Highlighter Junkies

By Chance Meyer  

There is far more research on how desirable difficulty improves learning than on how to make difficulty desirable. We know that people learn better when asked to retrieve information from memory than by rereading, but nobody likes being put on the spot. We know people learn better from feedback on mistakes than on successes, but nobody likes being told they’re wrong.

While good learning methods often feel bad, ineffective ones often feel good. The ease of a passive task like highlighting a book deceives learners into thinking they’re becoming fluent in the material. So educators have a hard time convincing students to trade the reassuring comfort of their highlighters for the sting of wrong answers on a practice test.

The more educators learn about learning, the more our knowledge of what students should do outruns our knowledge of how to get them to do it. But in a recent experimental study published in the Journal of Applied Research in Memory and Cognition, a team of researchers began to close the gap. They trained students in effective learning strategies and then held in-depth focus groups to reveal the top reasons students did not adopt them.

Hypothesizing that training would increase awareness and use of effective learning strategies, they designed a program of three, two-hour sessions over six weeks. In the first session, randomly assigned first- and second-year undergraduates were taught about effective learning. In the second, they reflected on what they had learned. In the third, they did exercises to experience how effective learning strategies work better than more familiar ones. Students responded to weekly surveys about their study practices and, a week after the program, participated in focus groups, discussing why they did or did not change their ways.

The training helped. Pre- and post-testing revealed 21 test-group students knew more about learning strategies and reported doing more self-testing and less rereading and highlighting than 26 control-group students. But, more notably, the students who did not change their study methods, even after six hours of intensive training showing that their former methods were ineffective, provided three main reasons.

First, old habits die hard. Students who believed the strategies would work still faced a knowing-doing gap. Despite their best intentions, they lacked the discipline and persistence to make permanent changes. Second, students had lingering doubts. They weren’t quite convinced that the time and effort needed to change their study methods would be worth it. What if they abandoned their trusted methods only to see their grades drop? The third reason was external. To practice retrieval, students wanted more practice tests included in their class materials. They felt the curriculum was not designed to support and sustain the change they were being asked to make.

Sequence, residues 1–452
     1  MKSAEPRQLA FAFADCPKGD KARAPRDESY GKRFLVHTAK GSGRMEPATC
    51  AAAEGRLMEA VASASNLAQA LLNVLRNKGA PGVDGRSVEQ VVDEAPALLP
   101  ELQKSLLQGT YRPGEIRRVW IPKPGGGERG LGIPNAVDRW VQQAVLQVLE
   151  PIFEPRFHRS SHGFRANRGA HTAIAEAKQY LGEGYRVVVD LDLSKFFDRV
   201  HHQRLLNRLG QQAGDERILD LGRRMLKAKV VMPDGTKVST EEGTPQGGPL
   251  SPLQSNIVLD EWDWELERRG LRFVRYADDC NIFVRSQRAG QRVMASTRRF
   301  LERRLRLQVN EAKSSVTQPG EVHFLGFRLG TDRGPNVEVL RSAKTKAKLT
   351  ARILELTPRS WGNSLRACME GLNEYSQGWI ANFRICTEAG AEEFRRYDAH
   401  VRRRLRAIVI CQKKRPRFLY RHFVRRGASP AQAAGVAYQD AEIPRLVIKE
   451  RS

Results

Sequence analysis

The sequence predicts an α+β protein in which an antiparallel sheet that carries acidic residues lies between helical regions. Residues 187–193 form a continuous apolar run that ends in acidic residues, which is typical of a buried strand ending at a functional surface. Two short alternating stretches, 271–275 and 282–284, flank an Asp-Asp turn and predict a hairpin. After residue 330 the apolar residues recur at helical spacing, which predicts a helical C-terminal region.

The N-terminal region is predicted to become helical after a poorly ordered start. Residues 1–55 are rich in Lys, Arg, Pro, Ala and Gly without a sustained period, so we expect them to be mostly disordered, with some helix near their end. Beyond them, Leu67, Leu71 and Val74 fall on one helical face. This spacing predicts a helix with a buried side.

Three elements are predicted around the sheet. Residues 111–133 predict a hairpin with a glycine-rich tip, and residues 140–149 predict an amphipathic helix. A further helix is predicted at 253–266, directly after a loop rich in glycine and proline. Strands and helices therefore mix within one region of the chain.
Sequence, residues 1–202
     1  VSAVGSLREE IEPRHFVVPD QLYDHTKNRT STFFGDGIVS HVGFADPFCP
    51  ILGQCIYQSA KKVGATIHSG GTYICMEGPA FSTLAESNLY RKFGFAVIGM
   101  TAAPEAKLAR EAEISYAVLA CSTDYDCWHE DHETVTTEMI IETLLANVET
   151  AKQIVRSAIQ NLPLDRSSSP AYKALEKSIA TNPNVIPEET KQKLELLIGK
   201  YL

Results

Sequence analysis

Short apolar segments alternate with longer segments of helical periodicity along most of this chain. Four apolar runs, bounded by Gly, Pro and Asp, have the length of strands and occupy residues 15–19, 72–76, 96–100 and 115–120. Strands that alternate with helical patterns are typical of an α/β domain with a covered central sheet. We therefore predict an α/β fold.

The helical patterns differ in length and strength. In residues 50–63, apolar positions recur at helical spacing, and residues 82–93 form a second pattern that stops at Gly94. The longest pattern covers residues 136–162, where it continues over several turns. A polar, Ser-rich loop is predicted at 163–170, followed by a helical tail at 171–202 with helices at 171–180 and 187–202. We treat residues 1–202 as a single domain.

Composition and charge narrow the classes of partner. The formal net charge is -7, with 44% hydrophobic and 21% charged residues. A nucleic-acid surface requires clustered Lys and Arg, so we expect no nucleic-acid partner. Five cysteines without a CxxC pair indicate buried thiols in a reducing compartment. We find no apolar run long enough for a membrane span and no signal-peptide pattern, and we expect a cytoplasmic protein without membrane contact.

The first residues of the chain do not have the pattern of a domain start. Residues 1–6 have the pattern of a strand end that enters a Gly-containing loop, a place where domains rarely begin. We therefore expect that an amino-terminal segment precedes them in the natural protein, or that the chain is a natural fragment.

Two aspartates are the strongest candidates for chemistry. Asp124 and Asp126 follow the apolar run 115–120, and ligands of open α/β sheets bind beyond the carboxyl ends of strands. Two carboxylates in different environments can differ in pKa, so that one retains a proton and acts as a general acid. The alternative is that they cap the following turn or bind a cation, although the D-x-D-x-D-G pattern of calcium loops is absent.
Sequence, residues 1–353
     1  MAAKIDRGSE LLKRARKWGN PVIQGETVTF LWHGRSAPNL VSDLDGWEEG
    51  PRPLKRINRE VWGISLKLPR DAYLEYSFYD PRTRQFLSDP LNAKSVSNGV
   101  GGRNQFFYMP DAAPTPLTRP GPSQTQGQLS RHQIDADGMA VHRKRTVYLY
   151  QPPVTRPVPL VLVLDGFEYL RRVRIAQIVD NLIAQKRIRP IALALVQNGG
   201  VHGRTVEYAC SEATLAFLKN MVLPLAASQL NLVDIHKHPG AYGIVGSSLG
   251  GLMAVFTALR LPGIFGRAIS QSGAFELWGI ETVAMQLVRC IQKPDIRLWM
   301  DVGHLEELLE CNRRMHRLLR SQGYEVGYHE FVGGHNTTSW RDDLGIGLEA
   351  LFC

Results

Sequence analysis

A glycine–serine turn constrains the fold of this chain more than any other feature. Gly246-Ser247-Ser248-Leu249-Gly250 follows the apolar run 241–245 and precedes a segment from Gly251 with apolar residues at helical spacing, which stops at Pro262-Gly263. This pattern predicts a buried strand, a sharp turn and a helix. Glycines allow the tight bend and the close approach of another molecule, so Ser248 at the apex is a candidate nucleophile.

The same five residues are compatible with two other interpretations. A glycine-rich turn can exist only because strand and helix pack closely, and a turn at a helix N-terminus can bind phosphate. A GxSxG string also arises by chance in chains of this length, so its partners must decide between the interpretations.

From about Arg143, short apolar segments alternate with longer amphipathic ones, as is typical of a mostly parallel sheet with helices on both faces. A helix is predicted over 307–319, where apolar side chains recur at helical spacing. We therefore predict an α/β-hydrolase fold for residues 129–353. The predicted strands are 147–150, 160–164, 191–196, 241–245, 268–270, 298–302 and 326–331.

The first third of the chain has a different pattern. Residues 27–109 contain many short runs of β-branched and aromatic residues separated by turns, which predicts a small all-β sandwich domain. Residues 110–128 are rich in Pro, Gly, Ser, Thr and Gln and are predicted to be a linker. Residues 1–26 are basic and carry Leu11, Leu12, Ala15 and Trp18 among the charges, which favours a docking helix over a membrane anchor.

The results of the study suggest three ways educators could improve their efforts to get students to use effective learning strategies.

First, after we teach metacognitive concepts and skills, we should teach them some more. Students struggling to kick bad habits must not be riddled with doubts about whether they should. Even the test-group students had relatively low scores on assessments of their newly acquired metacognitive knowledge, suggesting continued learning was needed.

Second, if we want students to change, so must we. We need organizational commitments to embed resources and processes in the daily work of students that are consistent with the study methods we endorse. We should build desirable difficulty into our cultures so deeply that it will no longer be noticeable, much less doubtable.

Third, despite our instincts to nurture and support, we need to take students’ self-reports about their study methods with a grain of salt. The researchers had students submit photologs corroborating their self-reported study practices. But the students’ final reports still overestimated their use of learning methods compared to their own weekly reports. As time passed, they recalled their efforts more favorably and reported them less reliably. So we should be careful about changing our advice based on students’ representations without evidence. (Oh, you say you do a lot of self-testing? Okay then, let’s consider other changes you can make to improve.

The researchers recognized some limitations. Their sample was small, the self-selected students were amenable to training, self-reports are unreliable, and they did not measure changes in academic performance. Did the students improve? Did the learning last? There is reason to suspect not. The test-group students reported the teaching session was more helpful than the experience session. Demonstrating the very paradox the study sought to correct, they felt they learned more from being told about learning than from doing it. 

Further research is needed, but by targeting the reasons students relapsed, the study provides useful considerations for what we might do better to help students sustainably desire difficulty. 


Chance Meyer is a Lecturer on Law in the Academic Excellence Program at New England Law | Boston and an Ed.D candidate at Vanderbilt University’s Peabody College of Education and Human Development.